Past PSC Advocacy Wins: 68 Meeting Street

PSC calls public meeting to rally the community in defense of Charleston’s Zoning Ordinance (News and Courier, November 3, 1948, p. 10.)

In the fall of 1948, Charleston’s relatively new 1931 Zoning Ordinance was put to the test when a variance request was brought before Charleston’s Board of Zoning Adjustment to construct a 7-story apartment building on the site of the c. 1810 John Cordes Prioleau House at 68 Meeting Street. The hearing initially scheduled for November 1 was postponed by City Staff whose office was too small to accommodate the enormous number of residents who planned to attend and speak in opposition.[1]

The c. 1810 John Cordes Prioleau House at 68 Meeting Street as it appeared prior to alterations in the 1890s, and after. (News and Courier, December 20, 1948, p. 16) 

To provide the entire community the opportunity to understand and weigh in on the proposal and plan for “concerted action against the proposed construction of the seven-story apartment house,” the Society for the Preservation of Old Dwellings (now the Preservation Society of Charleston) called a public meeting for November 4 at the Heyward Washington House. The meeting notice stated “all local organizations interested in the subject are invited to send as many representatives as they wish,” and that “individuals not connected with any organization likewise will be welcome.”[2]

Rendering of the 7-story apartment building proposed at 68 Meeting Street, 1948, courtesy of the PSC archives.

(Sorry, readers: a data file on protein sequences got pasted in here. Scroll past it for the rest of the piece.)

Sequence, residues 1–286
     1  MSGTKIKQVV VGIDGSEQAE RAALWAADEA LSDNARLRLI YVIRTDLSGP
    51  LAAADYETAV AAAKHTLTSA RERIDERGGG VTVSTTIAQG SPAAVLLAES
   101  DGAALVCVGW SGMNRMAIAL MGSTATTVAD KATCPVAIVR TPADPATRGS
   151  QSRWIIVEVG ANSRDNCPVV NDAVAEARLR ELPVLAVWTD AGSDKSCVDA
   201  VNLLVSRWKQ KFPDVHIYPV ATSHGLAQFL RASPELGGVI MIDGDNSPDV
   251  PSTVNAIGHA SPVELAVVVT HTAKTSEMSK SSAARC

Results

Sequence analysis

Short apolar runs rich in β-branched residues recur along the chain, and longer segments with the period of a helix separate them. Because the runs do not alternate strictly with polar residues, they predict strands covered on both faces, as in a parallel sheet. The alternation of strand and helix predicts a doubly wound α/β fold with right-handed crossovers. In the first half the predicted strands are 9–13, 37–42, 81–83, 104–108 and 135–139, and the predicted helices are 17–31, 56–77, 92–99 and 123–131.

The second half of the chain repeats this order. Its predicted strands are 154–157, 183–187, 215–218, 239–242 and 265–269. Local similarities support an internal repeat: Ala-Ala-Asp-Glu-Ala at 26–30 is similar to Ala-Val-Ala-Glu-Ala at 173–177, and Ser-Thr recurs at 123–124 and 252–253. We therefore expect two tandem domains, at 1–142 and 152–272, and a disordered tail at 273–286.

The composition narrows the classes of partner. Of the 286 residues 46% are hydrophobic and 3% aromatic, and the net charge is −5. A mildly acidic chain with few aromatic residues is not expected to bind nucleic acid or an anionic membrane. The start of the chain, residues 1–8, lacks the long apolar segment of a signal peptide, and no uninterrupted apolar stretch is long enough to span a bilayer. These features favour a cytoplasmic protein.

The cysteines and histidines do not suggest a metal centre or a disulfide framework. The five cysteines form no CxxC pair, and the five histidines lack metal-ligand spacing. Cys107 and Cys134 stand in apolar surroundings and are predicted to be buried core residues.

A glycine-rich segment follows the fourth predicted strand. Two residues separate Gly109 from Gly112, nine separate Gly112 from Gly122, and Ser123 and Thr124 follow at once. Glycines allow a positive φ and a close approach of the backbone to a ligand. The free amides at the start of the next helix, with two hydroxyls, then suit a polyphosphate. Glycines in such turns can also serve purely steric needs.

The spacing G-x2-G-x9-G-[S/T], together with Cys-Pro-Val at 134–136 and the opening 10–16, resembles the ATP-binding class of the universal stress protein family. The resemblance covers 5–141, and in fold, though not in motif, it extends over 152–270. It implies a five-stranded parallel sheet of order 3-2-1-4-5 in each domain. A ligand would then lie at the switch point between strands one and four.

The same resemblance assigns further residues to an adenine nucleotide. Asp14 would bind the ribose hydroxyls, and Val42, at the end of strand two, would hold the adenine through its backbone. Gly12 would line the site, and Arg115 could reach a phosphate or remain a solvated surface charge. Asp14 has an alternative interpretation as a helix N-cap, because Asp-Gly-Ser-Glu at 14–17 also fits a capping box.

At the meeting, Samuel G. Stoney, former president of the Society, denounced the proposed location of the apartment building, noting there were numerous, more appropriate sites where the project “could do more good than harm.”[3] This was echoed by founding member of the Society, Alston Deas, who emphasized in a letter to the News and Courier that the Zoning Ordinance was written specifically to protect Charleston’s most sensitive historic districts while simultaneously providing “amply for the erection of suitable apartment houses in more appropriate locations,” not seeking “to limit or stifle Charleston’s legitimate growth.”[4] [EM1] [AC2] 

This unprecedented request remained in the headlines for weeks, compelling dozens of Charleston residents to pen passionate letters to the editor in defense of Charleston’s historic character. At the November 19 hearing, the Board of Zoning Adjustment resoundingly denied the controversial request after an hour and a half of public comment against the proposal in addition to hundreds of letters submitted.[5] Serving on the Board at the time was Preservation Society founder Susan Pringle Frost, who later reflected, “I am glad to be a member of a board which turned down such a proposition.”[6]

In response, the developer appealed the Board’s decision to City Council with a request to amend the ordinance in their favor, which also ultimately failed to gain support. Because of the efforts of the Preservation Society, its members, and the community at large, this notable building was saved from demolition, and Charleston’s skyline was preserved.[7]


[1] Evening Post, November 2, 1948, p. 3.

[2] News and Courier, November 3, 1948, p. 10.

[3] Evening Post, November 5, 1948, p. 38.

[4] News and Courier, November 10, 1948, p. 6.

[5] Evening Post, November 20, 1948, p. 2.

[6] News and Courier, November 23, 1948, p. 4.

[7] Evening Post, November 20, 1948, p. 2.


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